Students joined Ballet Folklórico de Los Angeles for a luncheon on Tuesday, Sept.17 at El Centro de Muchos Colores.
This event kicked off Hispanic Heritage Month which runs from Sept. 15 through Oct. 15.
Ballet Folklórico de Los Angeles, a Los Angeles based dance company founded in 2011, visited Fort Lewis for Fiesta on the Mesa.
Ballet Folklorico raised many topics of discussion during the lunch, most notably their interpretation of being Mexican American and their involvement in the Disney movie Coco, an Oscar winning animated film.
The room was full of laughter as the musicians and dancers talked amongst each other, with students chiming in from time to time with questions for the dancers.
The dancers began the luncheon by introducing themselves. Each dancer had a different perspective on what it meant to be Mexican American.
Larry Estrada, dancer with Ballet Folklórico since February 2013, began introductions stating that he is 3rdgeneration and grew up not identifying with Mexican culture whatsoever.
“We never spoke Spanish at home,” Estrada said. “My father decided we would not do that because of his experience growing up, having to learn English once he got into school.”
Kareli Montoya, Ballet Folklorico founder, talked about the challenge of dancing different genres. She had always known dancing traditionally, she said.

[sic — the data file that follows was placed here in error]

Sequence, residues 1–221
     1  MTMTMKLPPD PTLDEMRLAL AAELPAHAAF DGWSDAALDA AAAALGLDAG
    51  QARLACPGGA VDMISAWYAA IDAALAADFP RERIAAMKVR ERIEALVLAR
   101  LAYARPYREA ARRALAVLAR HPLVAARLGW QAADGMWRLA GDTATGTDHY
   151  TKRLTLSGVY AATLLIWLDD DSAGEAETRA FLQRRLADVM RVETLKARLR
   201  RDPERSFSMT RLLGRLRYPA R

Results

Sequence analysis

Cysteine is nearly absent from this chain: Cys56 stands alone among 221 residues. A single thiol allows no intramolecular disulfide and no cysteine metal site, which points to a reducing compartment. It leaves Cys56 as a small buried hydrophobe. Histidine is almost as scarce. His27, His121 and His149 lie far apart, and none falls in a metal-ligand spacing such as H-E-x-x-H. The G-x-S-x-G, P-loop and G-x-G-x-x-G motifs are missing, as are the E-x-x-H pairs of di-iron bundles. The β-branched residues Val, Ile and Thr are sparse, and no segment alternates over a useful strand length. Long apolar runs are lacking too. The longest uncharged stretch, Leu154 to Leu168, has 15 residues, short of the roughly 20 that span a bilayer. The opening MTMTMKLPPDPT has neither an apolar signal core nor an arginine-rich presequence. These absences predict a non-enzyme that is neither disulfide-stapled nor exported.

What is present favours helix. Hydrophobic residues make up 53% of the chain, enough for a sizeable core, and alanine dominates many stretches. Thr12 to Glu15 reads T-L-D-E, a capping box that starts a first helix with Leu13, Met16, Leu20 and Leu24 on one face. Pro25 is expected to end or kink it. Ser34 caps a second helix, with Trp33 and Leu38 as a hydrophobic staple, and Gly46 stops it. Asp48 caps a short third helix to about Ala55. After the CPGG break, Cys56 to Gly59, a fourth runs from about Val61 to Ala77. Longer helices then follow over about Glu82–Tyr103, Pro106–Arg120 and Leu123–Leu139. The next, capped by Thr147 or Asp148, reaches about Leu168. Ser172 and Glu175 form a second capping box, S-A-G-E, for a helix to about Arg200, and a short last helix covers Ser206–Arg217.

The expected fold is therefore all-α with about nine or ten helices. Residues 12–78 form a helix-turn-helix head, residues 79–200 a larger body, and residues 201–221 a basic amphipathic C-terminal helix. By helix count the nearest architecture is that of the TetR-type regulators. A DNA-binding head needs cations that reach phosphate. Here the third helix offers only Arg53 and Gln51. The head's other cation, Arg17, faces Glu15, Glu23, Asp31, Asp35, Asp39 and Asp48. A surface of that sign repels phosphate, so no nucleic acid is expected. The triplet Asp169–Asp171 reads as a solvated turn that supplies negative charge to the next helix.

“We have our own culture as Mexican Americans,” Montoya said.
With Hispanic Heritage Month in motion, the dancers and band members input their opinions on juggling a lifestyle with their culture.
Estrada mentioned that he has practiced law for 30 years, but he always finds time to dance.
“Stay with your education, stay with that career, but you can still find a place for your art.” Estrada said.
When it came time for the students to ask questions, they asked about Ballet Folklórico’s involvement with Disney’s Coco.
“They hired us before the movie even came out,” Montoya said. “They didn’t give us any clues.”
After Coco premiered, the band felt the culture shock of their success, they said.
The band expressed their happiness that people were learning about the Day of the Dead and their ancestors.
At the conclusion of the luncheon, the band got tuned, and played some songs. One of the dancers, Jonathan Trejo, even got up and danced.
For more information on events for Hispanic Heritage Month on campus, swing by El Centro de Mucho Colores.